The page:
‘Tis the season for tropical days in the kitchen, tending to the rolling boil of one canning recipe or another, the accumulated learnings of many a generation. And a sublime and domestic scene it is! The cozy aroma of Uncle Harry’s harvest apples steaming in the food mill, Great Aunt Beatrice’s bubbling salsa, Papa’s eye-watering pickle brine. Heaps of cuttings and peelings occupy the counters. Ranks of sterilized mason jars stand at the ready.
Well now, war is not usually the first thing you think of when canning, but it may surprise you (and then upon further reflection not surprise you at all), that war was the primary force behind its development. In the early 19th century, Napolean was in his prime, exploiting and causing all sorts of political upheaval in Europe. The wars of that time saw a major shift in scale, going from field armies of no more than a few tens of thousands of men, to battles that involved upward of 500,000 individuals. The industrial revolution, just getting under way, enabled much of this shift, allowing nations to produce armaments at previously unimaginable rates. But the changes also brought new problems.
Here’s one: how do you feed an army of 250,000 men? You’ve got to be innovative, and one way to drive innovation is to offer cash prizes. Twelve thousand francs, say, if you’re the French military in 1795, for anyone who could invent a cheap way to preserve large quantities of food. That’s anywhere between $80,000 and $250,000 of today’s Canadian dollar, depending how you count. In any case, the potential reward was enough to pique the interest of one Nicolas Appert, a confectioner in France at the time.
Monsieur Appert had observed that some food, when cooked in a sealed glass jar, did not spoil until the seal was broken. It took him nearly 15 years to perfect his process and learn its features and limitations, but in 1810 he was awarded the prize. It took the French military another several years to work out how to scale up production of canned goods, but by this time the Napoleonic wars were coming to an end and the canning factory that Appert had built with his winnings had been razed by France’s enemies. Alas!
Nonetheless, canning had proven a valuable method of preserving food.
The tin can was invented by another Frenchman, Philippe de Girard, at much the same time as Appert was developing his process. Girard’s patent was eventually bought by a Brit named Bryan Donkin who, with his business partners, built the world’s first cannery. Tin cans were much more practical for military purposes than fragile glass jars, but again it took some time for production to reach the scale necessary. Initially, tin cans were handmade, making them prohibitively expensive as a consumer good, and so canned goods were for a time purchased only by governments, or by the wealthy as a status symbol.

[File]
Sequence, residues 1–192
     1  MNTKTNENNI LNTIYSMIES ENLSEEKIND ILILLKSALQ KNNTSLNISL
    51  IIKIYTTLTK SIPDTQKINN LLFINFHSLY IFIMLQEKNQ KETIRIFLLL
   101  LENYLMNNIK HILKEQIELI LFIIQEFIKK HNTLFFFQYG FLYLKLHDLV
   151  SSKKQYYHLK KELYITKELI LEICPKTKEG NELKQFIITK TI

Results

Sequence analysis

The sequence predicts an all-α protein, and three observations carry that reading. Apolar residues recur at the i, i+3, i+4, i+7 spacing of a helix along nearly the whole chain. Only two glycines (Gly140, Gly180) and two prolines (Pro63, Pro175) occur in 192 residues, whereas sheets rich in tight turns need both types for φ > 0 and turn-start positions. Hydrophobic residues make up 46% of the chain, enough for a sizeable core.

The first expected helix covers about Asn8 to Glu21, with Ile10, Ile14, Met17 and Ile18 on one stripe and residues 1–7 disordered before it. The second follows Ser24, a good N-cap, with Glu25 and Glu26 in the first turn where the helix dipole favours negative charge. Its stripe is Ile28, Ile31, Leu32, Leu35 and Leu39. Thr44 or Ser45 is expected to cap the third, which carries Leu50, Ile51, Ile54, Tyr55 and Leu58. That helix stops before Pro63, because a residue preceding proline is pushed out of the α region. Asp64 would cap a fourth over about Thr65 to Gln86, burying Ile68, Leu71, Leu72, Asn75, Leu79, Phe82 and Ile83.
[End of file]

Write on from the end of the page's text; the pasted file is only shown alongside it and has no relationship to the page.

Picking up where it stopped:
By the mid 1800s, a clever compromise between the glass jar and the tin can had been developed that made home canning a safe and reliable option for more people: a glass jar with a discardable seal and reusable seal fastener. We here in North America are most familiar with the Mason jar, but there are many similar and wonderfully named contraptions invented at around the same time.
It was Word War 1 that finally brought canned goods to the plebeian commodity we know today, and that brought home canning into national consciences as a valuable activity. Once again, the scale of military operations increased by an order of magnitude, and now the powers in play were dealing with armies in the millions. Industry followed demand. In fact, many of the nations involved were thrown into total war, in which every facet of society was directed toward supporting the war. Thus, the farmers and civilians who weren’t already on active duty were encouraged not to purchase canned food so that production could be redirected to the military; instead, they were asked to plant “Victory” gardens, grow vegetables to give to the war effort, and then can their own rations. Those were desperate times.
And so now look at your ranks of sterilized mason jars, filled and ready for the cellar, and remember not to take the cozy feelings of preservation for granted.